School Library Journal
This is the first title (Razorbill, 2008) in a projected trilogy by Jacquelyn Mitchard about Meredith and Mallory, 13-year-old twins with extraordinary powers who discover that evil is residing in their own community and must decide how to fight it without revealing their powers. The girls are polar opposites in temperament and interests: Meredith is outgoing, popular, and a cheerleader, while Mallory is a quiet, introspective loner. After a disastrous fire in their town, Mallory can see into the past while Meredith can see the future. But can they harness this power to save their community? Emily Durante captures their initial innocence and then their growing confusion, frustration, and angst as outside forces seem to take over their lives, driving them apart. She passionately verbalizes Meredith's obsessions, subtly voices Mallory's bewilderment concerning what is happening to her and those around her. She slows the pace to describe feelings such as "power paired with grief" and quickens it as the villain continues to threaten the girls and their town. The calmness of their mother's voice accentuates the girl's tension and growing terror. While the story has a few loose ends, Durante's masterful reading makes them seem inconsequential. A captivating audiobook.-Edith Ching, Washington Latin Public Charter School, DC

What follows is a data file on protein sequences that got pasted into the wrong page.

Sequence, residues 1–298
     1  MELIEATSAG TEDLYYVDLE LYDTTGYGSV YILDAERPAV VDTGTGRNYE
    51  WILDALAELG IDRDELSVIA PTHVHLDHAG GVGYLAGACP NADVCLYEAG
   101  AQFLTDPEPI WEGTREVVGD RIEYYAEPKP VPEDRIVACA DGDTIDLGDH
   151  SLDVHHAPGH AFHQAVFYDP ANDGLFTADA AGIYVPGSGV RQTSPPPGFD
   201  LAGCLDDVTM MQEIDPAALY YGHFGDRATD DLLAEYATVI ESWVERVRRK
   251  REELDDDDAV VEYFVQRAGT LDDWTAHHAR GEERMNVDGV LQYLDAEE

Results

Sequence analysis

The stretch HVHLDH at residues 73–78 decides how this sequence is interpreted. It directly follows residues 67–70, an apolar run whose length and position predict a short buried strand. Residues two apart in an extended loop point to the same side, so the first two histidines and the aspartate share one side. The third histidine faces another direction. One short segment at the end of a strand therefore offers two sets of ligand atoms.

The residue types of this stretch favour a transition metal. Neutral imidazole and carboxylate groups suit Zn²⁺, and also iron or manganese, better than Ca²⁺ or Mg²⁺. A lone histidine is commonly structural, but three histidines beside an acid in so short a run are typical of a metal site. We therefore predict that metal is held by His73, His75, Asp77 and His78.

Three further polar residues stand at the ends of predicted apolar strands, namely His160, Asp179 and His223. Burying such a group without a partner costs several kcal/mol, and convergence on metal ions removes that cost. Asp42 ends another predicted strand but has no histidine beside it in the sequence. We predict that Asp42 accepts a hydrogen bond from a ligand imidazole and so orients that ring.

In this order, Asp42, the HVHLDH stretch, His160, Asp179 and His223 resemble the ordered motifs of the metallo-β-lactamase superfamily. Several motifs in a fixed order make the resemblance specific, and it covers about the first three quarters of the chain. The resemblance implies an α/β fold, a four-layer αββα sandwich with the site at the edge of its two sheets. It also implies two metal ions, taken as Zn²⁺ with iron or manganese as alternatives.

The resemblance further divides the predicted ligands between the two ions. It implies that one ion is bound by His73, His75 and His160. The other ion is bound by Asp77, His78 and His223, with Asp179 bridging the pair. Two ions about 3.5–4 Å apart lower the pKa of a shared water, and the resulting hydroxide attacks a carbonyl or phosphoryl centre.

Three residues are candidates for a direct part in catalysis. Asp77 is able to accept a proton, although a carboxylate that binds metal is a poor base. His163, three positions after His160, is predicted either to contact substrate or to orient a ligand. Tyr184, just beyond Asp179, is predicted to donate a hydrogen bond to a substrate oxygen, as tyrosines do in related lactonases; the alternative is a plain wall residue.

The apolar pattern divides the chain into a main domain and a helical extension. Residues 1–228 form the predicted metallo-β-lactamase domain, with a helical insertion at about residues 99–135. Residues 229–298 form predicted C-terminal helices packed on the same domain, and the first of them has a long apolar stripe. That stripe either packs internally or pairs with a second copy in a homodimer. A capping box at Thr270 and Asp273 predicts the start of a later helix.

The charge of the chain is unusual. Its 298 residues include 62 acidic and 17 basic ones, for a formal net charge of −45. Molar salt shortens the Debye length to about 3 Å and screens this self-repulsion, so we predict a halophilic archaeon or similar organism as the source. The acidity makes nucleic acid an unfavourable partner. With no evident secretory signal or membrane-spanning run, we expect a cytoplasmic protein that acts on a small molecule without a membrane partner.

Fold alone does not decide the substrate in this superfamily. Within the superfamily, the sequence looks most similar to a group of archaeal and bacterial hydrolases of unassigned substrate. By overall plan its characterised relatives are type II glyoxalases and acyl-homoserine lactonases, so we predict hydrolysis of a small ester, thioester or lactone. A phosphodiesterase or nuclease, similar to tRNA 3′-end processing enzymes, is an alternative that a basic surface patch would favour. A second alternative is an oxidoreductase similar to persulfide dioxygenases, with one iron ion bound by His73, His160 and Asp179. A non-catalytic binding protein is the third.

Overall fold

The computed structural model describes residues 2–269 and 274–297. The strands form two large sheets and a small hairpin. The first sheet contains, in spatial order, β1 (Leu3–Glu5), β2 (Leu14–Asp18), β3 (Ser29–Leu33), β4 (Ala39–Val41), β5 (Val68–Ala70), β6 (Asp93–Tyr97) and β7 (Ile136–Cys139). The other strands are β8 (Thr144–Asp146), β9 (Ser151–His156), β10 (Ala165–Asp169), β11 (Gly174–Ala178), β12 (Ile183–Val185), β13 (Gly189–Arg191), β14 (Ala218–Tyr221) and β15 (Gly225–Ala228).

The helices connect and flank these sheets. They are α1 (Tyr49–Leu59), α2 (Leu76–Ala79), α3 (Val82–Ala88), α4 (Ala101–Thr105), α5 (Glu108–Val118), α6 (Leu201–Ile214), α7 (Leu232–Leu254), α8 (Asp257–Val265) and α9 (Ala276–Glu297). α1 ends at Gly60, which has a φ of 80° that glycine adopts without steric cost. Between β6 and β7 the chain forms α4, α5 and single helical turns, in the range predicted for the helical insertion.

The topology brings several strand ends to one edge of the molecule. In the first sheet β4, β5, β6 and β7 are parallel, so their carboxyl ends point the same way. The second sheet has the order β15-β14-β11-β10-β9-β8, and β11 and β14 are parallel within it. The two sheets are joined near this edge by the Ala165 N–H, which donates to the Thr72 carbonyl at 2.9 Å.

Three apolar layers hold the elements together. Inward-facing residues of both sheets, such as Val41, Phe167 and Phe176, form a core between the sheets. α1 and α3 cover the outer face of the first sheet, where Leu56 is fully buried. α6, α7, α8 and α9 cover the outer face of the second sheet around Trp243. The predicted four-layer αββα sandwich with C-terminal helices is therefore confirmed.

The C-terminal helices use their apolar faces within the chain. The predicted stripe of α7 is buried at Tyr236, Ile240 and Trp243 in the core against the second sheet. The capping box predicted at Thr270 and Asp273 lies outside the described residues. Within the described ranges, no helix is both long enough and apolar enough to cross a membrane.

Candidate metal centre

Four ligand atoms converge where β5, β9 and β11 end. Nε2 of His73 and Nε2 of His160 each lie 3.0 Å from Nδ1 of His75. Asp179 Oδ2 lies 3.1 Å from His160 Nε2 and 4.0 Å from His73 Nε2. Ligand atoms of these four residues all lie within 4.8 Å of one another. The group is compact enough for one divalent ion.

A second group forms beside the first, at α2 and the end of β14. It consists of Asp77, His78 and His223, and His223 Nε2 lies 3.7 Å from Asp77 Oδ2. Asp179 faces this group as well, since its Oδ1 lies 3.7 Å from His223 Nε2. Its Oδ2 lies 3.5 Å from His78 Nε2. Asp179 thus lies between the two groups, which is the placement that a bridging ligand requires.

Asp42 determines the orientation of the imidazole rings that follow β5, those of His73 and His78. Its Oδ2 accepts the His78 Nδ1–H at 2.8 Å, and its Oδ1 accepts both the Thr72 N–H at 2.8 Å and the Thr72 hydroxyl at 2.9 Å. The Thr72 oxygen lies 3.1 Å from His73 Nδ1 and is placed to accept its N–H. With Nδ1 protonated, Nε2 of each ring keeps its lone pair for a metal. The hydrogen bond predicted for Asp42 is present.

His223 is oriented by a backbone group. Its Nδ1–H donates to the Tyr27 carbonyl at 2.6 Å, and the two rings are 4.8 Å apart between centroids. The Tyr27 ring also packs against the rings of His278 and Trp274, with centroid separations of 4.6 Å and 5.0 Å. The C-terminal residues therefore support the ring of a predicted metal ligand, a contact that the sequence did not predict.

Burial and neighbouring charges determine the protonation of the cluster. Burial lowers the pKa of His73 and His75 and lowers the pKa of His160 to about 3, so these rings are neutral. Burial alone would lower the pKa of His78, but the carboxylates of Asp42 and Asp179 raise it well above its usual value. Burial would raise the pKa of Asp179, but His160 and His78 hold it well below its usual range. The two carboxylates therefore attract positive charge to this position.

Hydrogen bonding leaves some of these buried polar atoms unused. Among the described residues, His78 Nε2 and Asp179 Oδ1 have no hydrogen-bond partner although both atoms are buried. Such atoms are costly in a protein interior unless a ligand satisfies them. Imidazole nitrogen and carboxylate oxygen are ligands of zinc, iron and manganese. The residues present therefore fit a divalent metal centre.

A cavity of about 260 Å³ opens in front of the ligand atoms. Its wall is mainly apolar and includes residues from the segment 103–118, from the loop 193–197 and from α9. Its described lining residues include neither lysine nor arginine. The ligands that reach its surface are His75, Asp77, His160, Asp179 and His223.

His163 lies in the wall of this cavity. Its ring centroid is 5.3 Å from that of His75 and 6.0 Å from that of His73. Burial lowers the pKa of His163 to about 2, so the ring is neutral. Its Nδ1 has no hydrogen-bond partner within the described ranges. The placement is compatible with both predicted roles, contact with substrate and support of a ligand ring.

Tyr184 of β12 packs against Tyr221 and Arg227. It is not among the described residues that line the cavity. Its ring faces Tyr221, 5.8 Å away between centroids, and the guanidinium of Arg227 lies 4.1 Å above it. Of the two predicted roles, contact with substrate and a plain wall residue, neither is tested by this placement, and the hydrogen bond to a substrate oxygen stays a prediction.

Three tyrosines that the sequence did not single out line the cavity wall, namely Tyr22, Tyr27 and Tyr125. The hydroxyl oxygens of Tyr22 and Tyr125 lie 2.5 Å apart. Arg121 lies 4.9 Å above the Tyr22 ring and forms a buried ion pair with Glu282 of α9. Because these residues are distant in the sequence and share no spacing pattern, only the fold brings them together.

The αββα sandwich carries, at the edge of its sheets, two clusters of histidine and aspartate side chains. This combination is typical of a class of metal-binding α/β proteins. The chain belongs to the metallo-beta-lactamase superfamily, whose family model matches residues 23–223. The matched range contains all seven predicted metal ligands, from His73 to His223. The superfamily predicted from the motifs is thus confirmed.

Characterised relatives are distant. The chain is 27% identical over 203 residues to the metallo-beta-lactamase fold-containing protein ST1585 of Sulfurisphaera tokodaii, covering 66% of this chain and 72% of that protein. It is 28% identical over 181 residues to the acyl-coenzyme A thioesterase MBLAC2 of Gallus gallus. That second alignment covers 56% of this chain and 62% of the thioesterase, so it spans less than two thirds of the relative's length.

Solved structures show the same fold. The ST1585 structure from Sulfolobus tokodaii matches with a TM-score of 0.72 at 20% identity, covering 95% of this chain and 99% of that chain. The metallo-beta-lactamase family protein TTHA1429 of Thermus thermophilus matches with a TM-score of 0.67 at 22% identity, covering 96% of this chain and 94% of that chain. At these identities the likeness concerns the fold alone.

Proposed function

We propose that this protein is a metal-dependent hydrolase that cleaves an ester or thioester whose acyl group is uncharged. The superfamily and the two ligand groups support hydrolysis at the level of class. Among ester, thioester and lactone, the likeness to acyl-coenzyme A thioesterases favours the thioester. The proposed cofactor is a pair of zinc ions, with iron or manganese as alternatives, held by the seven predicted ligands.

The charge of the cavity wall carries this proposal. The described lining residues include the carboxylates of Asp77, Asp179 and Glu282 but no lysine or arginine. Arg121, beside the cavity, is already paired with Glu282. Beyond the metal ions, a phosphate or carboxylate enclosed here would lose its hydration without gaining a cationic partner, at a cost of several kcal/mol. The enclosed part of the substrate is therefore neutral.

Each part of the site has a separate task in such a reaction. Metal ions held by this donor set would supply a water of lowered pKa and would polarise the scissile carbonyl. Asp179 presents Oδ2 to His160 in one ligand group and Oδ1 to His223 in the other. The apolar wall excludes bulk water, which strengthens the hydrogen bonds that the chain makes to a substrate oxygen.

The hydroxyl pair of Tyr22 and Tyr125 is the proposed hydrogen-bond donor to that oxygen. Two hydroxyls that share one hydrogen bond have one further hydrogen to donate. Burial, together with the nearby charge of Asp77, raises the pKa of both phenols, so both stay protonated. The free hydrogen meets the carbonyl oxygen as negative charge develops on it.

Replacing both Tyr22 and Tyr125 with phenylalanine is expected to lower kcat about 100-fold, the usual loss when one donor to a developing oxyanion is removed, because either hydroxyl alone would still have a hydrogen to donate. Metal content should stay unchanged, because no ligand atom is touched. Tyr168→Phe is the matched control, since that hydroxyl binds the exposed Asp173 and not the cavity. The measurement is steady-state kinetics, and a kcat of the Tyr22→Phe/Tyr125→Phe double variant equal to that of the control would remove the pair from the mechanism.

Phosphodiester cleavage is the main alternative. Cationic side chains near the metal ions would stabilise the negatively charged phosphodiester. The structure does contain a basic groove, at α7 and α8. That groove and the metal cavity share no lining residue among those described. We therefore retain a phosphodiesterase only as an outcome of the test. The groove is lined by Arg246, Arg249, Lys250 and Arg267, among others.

A shamelessly manipulative chicklet-lit-cum-horror tale, first in a trilogy, from the famed author of the Oprah pick The Deep End of the Ocean (1996). In the New York State town of Ridgeline, where their families have lived for generations, the twins Mallory and Meredith were born on the opposite sides of midnight one New Year's Eve. On the New Year's Eve of their 13th birthdays, an arson fire injures both girls so badly that they no longer share their dreams or hear each other's thoughts. One twin gets terrifying glimpses of the future, the other of the past, in their world of soccer and cheerleading and pizzas at the mall. When an older boy tortures animals and almost rapes a girl, what the twins see-and do not see-twists their lives and leads to an absolutely predictable climax. Many cliches, cardboard characters and the hoary tropes of grandmotherly wisdom and benevolent female ancestors close but do not end the tale. Will teens eat it up? Possibly. (Fiction. 12 & up)